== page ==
AI Scammers Are Targeting Country Music Fans With Fake Ads

Last month, country superstar Luke Combs found himself at the center of an ad campaign that he didn’t sign on for. Videos featuring the musician’s voice endorsing a product called Miracle Root Gummies began circulating on Instagram and Twitter, leading many in Combs’ adoring fan base to place an order sight unseen for a product that does not exist.

“I was at an all-time low, and then God blessed me with the Miracle Root Gummies. My good friend Lainey Wilson had recommended them to me,” intones a voice that sounds like Combs.

The videos are the result of AI scammers who have managed to parrot the voices of celebrities with the express purpose of tricking fans into investing money in bunk products. Occasionally, as in the case of Combs, the AI-generated voice is startlingly realistic.

“There’s commercial products where you can go out and sign up for $10 a month, take a clip of somebody’s voice, and generate a voice that sounds kind of like them. Then type whatever you want into a text box and generate audio output,” Zach Wener, who founded the AI-voice startup Uberduck, told Rolling Stone.

The task of mirroring voices is especially simple when there is a vast resource of pre-exisiting audio to work from. For the fake Combs videos, it’s likely that words and phrases were pilfered from an interview Combs gave on Joe Rogan’s podcast in March.

Combs is far from the only country music phenom to become a target of the AI scam artists. Garth Brooks, Miranda Lambert, Trisha Yearwood, and Tim McGraw have also been made the unwitting representatives of non-existent weight loss techniques.

Lainey Wilson, who has been open about her own weight loss (albeit due to relentless tour schedules, not gummies), was particularly disturbed at her inclusion in the scam. Wilson was scared that her fanbase might see the fraudulent videos as a bizarre course-reversal, so she took to Instagram to set the record straight.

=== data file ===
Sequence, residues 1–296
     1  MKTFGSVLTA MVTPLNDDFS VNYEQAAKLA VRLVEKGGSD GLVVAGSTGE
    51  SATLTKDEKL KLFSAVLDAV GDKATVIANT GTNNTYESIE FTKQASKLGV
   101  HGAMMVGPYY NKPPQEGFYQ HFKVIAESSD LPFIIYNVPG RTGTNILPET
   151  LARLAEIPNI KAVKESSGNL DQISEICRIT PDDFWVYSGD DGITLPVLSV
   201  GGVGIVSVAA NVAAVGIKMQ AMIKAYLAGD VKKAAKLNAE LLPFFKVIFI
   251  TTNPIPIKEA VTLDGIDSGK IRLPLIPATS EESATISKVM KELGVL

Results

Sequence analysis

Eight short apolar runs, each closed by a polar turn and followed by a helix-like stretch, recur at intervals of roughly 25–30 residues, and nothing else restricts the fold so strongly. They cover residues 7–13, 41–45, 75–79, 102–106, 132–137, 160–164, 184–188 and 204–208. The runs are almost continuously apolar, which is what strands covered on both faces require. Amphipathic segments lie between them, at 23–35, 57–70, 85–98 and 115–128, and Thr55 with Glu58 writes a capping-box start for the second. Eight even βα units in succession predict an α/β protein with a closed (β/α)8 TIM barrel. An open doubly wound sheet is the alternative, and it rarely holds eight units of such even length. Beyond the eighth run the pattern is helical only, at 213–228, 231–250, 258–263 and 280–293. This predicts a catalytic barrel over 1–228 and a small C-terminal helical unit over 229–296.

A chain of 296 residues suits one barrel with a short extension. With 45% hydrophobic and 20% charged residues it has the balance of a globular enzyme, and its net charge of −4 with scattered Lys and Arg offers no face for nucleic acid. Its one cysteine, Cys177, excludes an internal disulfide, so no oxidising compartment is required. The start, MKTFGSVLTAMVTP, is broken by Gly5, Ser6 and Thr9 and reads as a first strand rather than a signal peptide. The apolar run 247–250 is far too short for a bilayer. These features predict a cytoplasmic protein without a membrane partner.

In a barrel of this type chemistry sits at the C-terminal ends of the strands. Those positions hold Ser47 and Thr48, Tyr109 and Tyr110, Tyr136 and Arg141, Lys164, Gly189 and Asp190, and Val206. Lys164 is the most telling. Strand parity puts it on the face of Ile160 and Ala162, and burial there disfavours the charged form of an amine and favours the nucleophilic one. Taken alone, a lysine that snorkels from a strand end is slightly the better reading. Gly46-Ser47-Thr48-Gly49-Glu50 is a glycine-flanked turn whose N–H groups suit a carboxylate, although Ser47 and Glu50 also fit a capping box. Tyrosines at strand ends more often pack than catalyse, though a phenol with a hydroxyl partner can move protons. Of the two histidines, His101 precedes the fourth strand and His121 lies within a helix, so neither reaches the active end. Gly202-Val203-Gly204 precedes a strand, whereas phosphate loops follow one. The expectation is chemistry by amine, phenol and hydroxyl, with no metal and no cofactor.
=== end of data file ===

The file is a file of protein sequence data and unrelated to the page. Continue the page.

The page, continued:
“Nobody’s ever sent me any gummies,” Wilson declares in her statement. “If I’ve lost weight it’s because I am working hard and playing hour-and-a-half shows and running around every night of my life.”

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A post shared by Lainey Wilson (@laineywilsonmusic)

The ads even led to an investigation on Snopes, which unsurprisingly determined that they were fakes.

“Oprah Winfrey, Tom Selleck, Kelly Clarkson, and Mayim Bialik are just four of the dozens of celebrities who have been featured in these gummies scams. Just like Combs and Wilson, none of them ever endorsed gummies,” reads a portion of the Snopes report.

Though it can be tricky, it’s not unprecedented for stars to take legal action in these scenarios. In 2019, Ellen Degeneres and Sandra Bullock filed a joint lawsuit against about 100 anonymous individuals who had misappropriated their likenesses to draw traffic to e-commerce sites. 

Legendary actor and director Clint Eastwood has won two lawsuits against different companies which used his likeness to sell CBD products. In 2021, Eastwood won $6 million in a judgement against a company based in Lithuania. Last year, Eastwood was the victor in a separate lawsuit against “Los Angeles-based Norok Innovation Inc. and its CEO Eric Popowicz.”

“In pursuing this case, and obtaining this judgment, Mr. Eastwood has again demonstrated a willingness to confront wrongdoing and hold accountable those who try to illegally profit off his name, likeness, and goodwill,” Eastwood’s lawyer, Jordan Susman, in a statement to The New York Times after the 2021 judgement.

“Scams have been going on in the country music fan base for a long time, and it’s because the fan base is so passionately loyal about the artists that they can prey on that,” Combs’ manager Chris Kappy told Rolling Stone. “We need to keep our heads on a swivel right now because it’s only going to get worse. It’s our job to keep educating the fan base about how it’s happening and what we’re doing.”

Outside of notifying fans to be on the lookout for potential scams, though, there is sometimes little the artists and their teams can do. Bringing charges against the creators of the videos and ads can be elusive, while going after the software company which created the technology is an equally circuitous route.

In his Instagram post denouncing Combs’ involvement with any weight-loss gummies, Kappy sounded the alarm on the existential threat posed by maliciously harnessed AI. “To other managers out there, AI is a scary thing and they’re using it against us.”

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A post shared by Christopher Kappy (@kappy)

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